Fog is a visible aerosol consisting of tiny water droplets or ice crystals suspended in the air at or near the Earth's surface. Fog can be considered a type of low-lying cloud usually resembling stratus, and is heavily influenced by nearby bodies of water, topography, and wind conditions. In turn, fog affects many human activities, such as shipping, travel, and warfare.

Stratus cloud

Stratus clouds are low-level clouds characterized by horizontal layering with a uniform base, as opposed to convective or cumuliform clouds that are formed by rising thermals. More specifically, the term stratus is used to describe flat, hazy, featureless clouds at low altitudes varying in color from dark gray to nearly white. The word stratus comes from the Latin prefix strato-, meaning "layer". Stratus clouds may produce a light drizzle or a small amount of snow. These clouds are essentially above-ground fog formed either through the lifting of morning fog or through cold air moving at low altitudes over a region. Some call these clouds "high fog" for their fog-like form. While light rain may fall, this cloud does not indicate much meteorological precipitation.

Freezing rain Rain maintained at temperatures below freezing

Freezing rain is rain maintained at temperatures below freezing by the ambient air mass that causes freezing on contact with surfaces. Unlike a mixture of rain and snow or ice pellets, freezing rain is made entirely of liquid droplets. The raindrops become supercooled while passing through a sub-freezing layer of air hundreds of meters above the ground, and then freeze upon impact with any surface they encounter, including the ground, trees, electrical wires, aircraft, and automobiles. The resulting ice, called glaze ice, can accumulate to a thickness of several centimeters and cover all exposed surfaces. The METAR code for freezing rain is FZRA.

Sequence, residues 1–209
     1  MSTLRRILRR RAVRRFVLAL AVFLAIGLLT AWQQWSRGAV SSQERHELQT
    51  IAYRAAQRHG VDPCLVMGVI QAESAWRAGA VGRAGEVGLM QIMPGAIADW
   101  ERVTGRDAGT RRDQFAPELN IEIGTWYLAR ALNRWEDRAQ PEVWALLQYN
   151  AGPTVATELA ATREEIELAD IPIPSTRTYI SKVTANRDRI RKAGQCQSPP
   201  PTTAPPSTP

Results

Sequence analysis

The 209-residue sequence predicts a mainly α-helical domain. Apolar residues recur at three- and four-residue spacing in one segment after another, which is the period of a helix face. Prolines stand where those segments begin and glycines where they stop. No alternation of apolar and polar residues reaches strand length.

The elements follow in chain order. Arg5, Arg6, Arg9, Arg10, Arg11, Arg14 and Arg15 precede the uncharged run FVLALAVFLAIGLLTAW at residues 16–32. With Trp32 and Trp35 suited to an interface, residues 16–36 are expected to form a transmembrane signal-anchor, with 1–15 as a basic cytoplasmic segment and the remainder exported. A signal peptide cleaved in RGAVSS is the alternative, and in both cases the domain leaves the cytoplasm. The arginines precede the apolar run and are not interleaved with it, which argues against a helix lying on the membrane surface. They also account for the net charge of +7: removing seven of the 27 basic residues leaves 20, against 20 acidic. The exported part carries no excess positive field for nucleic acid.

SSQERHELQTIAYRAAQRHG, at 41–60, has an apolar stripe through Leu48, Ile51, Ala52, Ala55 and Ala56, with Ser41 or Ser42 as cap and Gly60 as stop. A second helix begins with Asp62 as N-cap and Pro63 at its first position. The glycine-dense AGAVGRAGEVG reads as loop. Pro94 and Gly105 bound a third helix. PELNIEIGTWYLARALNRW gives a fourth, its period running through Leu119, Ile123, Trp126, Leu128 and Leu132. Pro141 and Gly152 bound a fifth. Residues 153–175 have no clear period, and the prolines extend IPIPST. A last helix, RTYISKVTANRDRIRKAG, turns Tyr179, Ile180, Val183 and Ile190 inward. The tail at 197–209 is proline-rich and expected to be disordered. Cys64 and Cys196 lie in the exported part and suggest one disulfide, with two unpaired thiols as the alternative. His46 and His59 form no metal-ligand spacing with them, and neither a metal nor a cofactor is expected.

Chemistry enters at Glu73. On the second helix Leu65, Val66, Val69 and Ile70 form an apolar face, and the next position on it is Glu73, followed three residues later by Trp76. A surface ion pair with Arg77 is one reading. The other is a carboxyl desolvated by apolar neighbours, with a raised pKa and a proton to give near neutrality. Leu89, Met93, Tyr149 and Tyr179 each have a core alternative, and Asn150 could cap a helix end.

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  1. National Weather Service Observing Handbook No. 8, Aviation Weather Observations for Supplementary Aviation Weather Reporting Stations (SAWRS), Manual Observations, October 1996
  2. Spence, Charles F. (2006). Aim/Far. McGraw Hill Professional. p. 294. ISBN   978-0-07-147924-0.
  3. Henson, Robert; Guides, Rough (2007). The Rough Guide to Weather. Penguin. p. 63. ISBN   978-1-4053-8461-2.
  4. "Can Aerosols Influence Weather Patterns?". Texas A&M Today. 2018-01-22. Retrieved 2019-05-24.
  5. "Are aerosols reducing coastal drizzle and increasing cloud cover?". Eurekalert.org. 2005-06-30. Retrieved 2013-08-25.